That’s such ridiculousness and I’m so glad I’ve beyond that limited thinking. Good luck with your story!

    • Joy

      Thank you, Marcy!

  5. Christopher Faulkner

    ” (I couldn’t give up words altogether, they’re in my DNA)” — This is so true; we will always find a way to write!

    • Marcy Mason McKay

      Clearly, we have similar DNA, Christopher. No matter what, a writer WRITES. Thanks for stopping by.

  6. Kieran Meyer

    Two weeks. It had two weeks since he had written anything, and his editor was starting to notice. Patrick was supposed to publish twice a week, according to his contract, yet
    nothing had come to him in two weeks. He couldn’t chalk it up to being sick anymore. This was his first contract with a creative writing journal; he absolutely couldn’t screw this up.

    When Patrick was a boy he had ideas bounce around in his head all day, every day. Stories of heroism, where the good guy beats the bad guy and gets the girl in the end,
    where justice is served. Patrick knew how to write the stories that everyone had heard, yet people always wanted to read them because they were familiar, comforting, interesting. His first story for the journal was just that. Two chapters a week for six weeks straight, and the readers absolutely adored it.

    Now, however, his editor was asking for something different. It wasn’t about the readers, his editor said, it was about Patrick as a writer. He wanted Patrick to explore other styles of storytelling, branch out a bit, really reach into a darker area of writing.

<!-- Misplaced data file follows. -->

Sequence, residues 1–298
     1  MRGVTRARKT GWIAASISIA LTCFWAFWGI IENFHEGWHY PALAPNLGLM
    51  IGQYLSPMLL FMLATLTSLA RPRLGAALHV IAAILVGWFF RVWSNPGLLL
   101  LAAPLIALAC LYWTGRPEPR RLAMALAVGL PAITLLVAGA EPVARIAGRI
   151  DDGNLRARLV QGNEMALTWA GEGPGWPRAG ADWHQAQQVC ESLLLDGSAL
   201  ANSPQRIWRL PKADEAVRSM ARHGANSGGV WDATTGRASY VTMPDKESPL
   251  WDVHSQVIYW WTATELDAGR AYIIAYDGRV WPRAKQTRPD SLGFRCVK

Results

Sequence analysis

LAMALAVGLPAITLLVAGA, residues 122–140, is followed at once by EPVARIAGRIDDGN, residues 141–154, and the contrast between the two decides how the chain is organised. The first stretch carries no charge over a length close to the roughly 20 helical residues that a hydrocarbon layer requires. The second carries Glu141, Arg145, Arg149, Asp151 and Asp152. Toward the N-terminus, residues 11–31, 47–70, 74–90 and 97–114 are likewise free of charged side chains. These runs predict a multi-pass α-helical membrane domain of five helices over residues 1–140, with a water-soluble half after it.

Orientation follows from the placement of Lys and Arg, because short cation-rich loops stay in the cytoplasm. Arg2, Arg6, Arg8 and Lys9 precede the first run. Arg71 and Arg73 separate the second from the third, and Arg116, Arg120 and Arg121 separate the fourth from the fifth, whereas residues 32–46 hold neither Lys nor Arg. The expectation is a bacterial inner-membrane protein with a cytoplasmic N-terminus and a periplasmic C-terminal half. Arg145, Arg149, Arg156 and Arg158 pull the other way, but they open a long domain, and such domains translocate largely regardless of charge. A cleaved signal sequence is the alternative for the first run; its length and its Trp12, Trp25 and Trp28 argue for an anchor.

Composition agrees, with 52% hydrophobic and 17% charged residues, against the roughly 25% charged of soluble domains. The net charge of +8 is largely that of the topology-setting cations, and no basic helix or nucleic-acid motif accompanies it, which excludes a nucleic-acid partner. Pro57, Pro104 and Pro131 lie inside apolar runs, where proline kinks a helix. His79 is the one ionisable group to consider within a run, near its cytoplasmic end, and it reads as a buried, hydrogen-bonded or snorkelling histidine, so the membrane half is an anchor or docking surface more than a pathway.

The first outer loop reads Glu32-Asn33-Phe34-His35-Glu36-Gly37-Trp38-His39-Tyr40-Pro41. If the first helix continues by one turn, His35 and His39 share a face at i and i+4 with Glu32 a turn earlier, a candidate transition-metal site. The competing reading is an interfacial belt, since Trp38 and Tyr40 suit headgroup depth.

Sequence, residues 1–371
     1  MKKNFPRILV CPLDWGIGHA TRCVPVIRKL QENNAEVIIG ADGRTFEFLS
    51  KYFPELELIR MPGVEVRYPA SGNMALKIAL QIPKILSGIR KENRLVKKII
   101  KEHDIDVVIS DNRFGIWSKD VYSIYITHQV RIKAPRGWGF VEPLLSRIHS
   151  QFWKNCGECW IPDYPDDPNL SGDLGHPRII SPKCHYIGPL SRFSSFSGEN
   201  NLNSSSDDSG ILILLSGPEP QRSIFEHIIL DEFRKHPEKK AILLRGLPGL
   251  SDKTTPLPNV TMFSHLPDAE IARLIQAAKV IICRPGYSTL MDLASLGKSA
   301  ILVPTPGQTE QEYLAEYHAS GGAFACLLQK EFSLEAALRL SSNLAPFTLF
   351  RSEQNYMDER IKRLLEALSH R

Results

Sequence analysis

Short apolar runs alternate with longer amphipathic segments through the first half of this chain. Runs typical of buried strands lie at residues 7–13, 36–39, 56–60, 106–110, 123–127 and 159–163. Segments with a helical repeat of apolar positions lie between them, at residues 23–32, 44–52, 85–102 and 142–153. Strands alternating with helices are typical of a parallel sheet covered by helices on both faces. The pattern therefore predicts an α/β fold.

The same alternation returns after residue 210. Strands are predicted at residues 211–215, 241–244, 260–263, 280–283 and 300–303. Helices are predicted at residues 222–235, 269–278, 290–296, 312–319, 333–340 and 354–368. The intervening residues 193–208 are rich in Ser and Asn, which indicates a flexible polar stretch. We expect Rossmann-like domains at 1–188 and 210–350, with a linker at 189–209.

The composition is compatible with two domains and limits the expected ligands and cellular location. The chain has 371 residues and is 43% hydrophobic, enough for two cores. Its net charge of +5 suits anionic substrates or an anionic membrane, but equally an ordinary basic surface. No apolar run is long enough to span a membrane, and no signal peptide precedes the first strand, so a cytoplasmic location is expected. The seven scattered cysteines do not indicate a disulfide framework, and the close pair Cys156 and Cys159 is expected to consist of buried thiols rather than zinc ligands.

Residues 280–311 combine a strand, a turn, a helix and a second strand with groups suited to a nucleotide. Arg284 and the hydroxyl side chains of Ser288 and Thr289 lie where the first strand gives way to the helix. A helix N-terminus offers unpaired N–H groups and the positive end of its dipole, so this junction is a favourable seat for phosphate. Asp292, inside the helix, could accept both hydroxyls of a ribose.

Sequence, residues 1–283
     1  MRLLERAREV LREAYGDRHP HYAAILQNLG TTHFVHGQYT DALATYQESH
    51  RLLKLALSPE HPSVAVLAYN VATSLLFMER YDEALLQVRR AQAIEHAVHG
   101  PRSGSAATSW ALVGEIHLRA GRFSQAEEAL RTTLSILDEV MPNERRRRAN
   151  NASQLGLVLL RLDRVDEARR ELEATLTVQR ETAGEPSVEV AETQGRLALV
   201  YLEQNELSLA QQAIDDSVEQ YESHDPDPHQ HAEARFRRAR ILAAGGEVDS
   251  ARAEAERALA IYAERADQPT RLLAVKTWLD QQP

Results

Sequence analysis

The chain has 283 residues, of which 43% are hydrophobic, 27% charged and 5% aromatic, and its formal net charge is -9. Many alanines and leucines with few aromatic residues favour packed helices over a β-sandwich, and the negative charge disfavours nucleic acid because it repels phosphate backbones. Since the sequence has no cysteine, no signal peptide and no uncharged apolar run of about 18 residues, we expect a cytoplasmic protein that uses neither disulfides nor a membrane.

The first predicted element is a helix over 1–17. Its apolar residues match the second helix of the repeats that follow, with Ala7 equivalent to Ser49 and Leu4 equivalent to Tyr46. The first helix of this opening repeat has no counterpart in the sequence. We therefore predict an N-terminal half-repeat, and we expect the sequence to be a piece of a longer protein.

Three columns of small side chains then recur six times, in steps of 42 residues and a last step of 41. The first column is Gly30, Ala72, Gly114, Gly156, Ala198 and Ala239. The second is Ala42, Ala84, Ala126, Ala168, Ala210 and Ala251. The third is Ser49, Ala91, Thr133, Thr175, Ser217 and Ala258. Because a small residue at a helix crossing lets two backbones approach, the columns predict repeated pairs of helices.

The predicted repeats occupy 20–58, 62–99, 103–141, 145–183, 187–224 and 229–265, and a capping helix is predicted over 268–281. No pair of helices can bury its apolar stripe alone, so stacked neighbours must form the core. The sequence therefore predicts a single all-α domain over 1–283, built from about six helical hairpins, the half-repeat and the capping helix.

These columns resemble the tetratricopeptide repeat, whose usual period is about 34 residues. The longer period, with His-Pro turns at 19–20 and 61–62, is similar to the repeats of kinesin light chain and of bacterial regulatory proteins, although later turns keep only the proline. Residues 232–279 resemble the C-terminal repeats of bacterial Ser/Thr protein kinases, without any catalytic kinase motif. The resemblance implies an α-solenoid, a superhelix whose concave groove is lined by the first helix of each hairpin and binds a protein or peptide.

It wasn’t that Patrick hadn’t tried to tap into the dark parts of his life, it was that he couldn’t find them. Patrick had grown up in a comfortable suburban home with Mom,
    Dad, and his older sister Kylie. He had been surrounded by a great group of friends since elementary school, attended outstanding schools, and landed his dream job right after college. There had definitely been rough patches: friends went their separate ways, a couple breakups, even a death in the family, but in the long run Patrick had come out on top.

    Patrick needed darker inspiration, and he needed it fast.

    • Marcy Mason McKay

      Wonderful, Kieran. First – Patrick is one of my all-time favorite guy names, so you had me right there.

      Isn’t interesting that Patrick has achieved such success, but he still struggled because he hadn’t yet connected with the dark side? And, it doesn’t matter that he grew up happily in suburbia — everyone experiences pain. It’s part of the human condition.

      You really put an interesting twist of this. I enjoyed the subtlety of it. Thanks!

  7. James Hall

    Stop goofing off half the time!

    Napping, twiddling a pencil, complaining, and such don’t get the job done.